So I cooked and packed up food in advance depending on where I was – this helps by not getting caught out and having (!) to head straight to those ‘Golden Arches’.
Losing weight needs to be looked at holistically: see the ‘Big Picture’ and don’t just focus on what you are (or aren’t!) going to be eaten. You need to consider physical, emotional and spiritual issues. What’s going on in your head? What has been driving you to act and react the way you have been? What can you do on all three levels to make positive changes?
Making any lifestyle change is hard. So you need to be focused as to the reasons you’re doing what you’re doing.
So, I have my pro’s and con’s list with me in my handbag. That way, when I have a ‘wobble moment’, I can read through my list and refocus. I can verbalise the benefits – the spoken word, as opposed to mere thought, is a powerful tool.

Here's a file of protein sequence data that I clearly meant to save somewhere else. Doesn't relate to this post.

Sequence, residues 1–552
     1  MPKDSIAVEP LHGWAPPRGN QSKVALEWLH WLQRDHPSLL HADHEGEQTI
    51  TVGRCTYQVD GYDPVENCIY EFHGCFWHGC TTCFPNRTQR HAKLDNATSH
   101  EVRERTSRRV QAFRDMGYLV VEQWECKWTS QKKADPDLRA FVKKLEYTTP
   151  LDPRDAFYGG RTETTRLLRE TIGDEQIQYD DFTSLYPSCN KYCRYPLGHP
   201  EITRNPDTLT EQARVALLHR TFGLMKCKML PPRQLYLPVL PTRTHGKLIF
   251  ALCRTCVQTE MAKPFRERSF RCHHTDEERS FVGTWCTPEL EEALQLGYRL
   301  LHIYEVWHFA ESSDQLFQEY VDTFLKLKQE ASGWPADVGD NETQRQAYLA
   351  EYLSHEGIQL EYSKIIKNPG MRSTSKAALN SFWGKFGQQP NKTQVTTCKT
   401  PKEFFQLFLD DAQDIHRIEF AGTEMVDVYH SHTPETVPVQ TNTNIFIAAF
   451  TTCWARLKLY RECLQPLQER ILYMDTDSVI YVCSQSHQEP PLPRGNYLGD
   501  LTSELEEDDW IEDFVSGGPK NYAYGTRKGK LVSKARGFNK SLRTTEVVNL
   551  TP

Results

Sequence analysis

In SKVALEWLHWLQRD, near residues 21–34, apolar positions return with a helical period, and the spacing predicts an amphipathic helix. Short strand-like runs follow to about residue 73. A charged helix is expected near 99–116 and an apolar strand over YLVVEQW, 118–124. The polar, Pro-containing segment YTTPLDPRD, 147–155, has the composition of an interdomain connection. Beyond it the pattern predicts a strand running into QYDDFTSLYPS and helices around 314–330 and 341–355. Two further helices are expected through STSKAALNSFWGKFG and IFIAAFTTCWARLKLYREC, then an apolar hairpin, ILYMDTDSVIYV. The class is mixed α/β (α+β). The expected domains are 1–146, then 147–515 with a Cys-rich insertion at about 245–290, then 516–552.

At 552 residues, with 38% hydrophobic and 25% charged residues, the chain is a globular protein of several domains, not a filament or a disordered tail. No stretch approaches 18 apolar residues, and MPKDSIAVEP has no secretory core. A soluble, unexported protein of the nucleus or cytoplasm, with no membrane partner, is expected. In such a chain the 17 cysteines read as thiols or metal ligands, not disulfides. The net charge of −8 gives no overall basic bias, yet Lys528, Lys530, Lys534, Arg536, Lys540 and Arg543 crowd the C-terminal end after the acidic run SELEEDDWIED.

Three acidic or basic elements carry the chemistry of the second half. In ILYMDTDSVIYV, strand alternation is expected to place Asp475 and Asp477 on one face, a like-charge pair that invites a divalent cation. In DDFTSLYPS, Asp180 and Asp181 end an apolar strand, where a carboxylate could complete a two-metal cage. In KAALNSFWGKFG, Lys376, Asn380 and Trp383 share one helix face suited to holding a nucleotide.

I also have photos of people who support and encourage me. When I’m struggling, I find it a BIG help to be able to remind myself that these people truly want my best. I am not alone in my struggle. My initial weight loss of 10st three years ago was greatly helped with the support from Overeaters Anonymous. Having someone on the end of a phone / text message / email to talk through stuff, who had been in the same place as me and knew exactly what I was going through, helps (especially when you DO make the effort and reach out to them, and not isolate).
I find writing down what is whirring round in my head is a great way of getting things into perspective. Once it’s all down on paper (I’m an old-fashioned kinda girl at heart!) I find it easier to see solutions to my own issues.